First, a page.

Sometimes the best way to critique a culture is to remove everything that is familiar and common within that culture, and then tell a story. Science fiction has done this for years to great success. The removal of the familiar can strip one’s eyes of cultural blinders, and allow the story to be more richly brought to the forefront.

Mel Gibson’s Apocalypto does just this. I saw this movie over the weekend still uncertain about the film’s plot before I watched it. It contains not a word of spoken English (all the characters speak in Mayan), and there is little context for the violent atrocities that serve as the backdrop of the story. Still, Gibson manages to use sparing contextual elements to frame one of Apocalypto’s major motifs: the clash of civilizations.

The Will Durant quote which appears at the film’s opening sums up well Gibson’s intent:

“A great civilization is not conquered from without until it has destroyed itself from within.”

Gibson displays well the difficulty of maintaining tradition. Those who seek to preserve a way of life often become moving targets for those who would seek to serve their own needs.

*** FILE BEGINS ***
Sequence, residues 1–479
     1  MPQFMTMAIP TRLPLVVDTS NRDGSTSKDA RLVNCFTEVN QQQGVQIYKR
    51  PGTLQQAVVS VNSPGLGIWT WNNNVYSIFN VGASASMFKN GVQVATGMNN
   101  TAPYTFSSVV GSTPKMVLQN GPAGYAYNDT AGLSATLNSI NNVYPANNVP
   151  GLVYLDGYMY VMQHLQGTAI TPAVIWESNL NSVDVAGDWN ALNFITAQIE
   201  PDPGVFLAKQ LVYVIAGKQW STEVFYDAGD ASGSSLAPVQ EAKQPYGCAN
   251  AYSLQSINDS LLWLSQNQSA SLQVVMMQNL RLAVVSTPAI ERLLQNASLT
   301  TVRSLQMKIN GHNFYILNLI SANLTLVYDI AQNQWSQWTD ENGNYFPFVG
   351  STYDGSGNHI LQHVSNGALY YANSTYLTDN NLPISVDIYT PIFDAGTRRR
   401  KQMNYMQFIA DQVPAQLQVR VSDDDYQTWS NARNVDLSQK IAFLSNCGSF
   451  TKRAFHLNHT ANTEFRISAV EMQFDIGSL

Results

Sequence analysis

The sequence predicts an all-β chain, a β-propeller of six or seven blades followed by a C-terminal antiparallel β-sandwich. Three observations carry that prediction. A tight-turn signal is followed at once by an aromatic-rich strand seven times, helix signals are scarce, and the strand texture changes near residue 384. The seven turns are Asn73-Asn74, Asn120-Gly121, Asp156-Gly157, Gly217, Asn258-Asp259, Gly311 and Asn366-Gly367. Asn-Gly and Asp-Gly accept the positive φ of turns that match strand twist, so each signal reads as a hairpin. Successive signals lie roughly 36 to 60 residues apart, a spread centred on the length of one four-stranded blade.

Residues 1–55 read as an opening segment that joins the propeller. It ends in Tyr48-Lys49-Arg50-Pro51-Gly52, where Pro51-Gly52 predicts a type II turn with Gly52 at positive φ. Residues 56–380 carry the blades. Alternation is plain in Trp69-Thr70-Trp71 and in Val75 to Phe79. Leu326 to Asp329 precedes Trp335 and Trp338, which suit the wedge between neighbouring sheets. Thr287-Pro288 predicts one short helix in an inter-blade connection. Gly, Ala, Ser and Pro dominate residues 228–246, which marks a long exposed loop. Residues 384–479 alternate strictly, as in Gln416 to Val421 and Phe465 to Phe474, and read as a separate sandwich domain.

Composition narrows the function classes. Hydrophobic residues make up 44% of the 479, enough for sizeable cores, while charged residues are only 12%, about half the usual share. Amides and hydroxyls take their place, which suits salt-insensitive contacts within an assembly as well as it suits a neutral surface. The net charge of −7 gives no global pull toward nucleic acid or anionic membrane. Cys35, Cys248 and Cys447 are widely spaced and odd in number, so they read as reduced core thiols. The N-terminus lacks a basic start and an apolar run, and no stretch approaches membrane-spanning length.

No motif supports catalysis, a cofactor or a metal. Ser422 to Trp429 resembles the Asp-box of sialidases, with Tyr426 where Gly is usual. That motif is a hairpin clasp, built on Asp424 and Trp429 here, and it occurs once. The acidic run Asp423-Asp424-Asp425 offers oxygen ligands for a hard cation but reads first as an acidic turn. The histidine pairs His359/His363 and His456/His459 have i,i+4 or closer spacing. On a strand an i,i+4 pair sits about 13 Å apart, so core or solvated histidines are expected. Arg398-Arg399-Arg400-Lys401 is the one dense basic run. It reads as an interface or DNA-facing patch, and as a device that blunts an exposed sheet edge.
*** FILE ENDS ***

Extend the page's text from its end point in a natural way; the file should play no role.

The plot revolves around a village of forest hunters who are attacked and captured for human sacrifice by a more “civilized” group of city-dwellers. During the attack, a hunter named Jaguar Paw manages to hide his pregnant wife and child in a deep well. Jaguar Paw is taken away, and the stage is set for him to attempt to escape and return to his family.

I won’t reveal much more, but this film has one of the best chase scenes in cinematic history. There are many Gibson-esque moments throughout the film that reminded me of watching Braveheart over a decade ago. It’s really too bad that Gibson helped ruin the release of one of his best works by his bizarre drunken anti-semitic rant last year. The film stands taller than its troubled director.

I will give one warning: the movie does depict a lot of violence. It’s not as bloody as The Passion of the Christ, but the body count does compare with Braveheart.

[9 out of 10]

2 thoughts on “Apocalypto”

  1. Mel is evidently still on top of his game as a movie maker; he seems to have something to say as a spiritual guy as well. it’s obvious that whenever he makes a film, he puts his whole self into it

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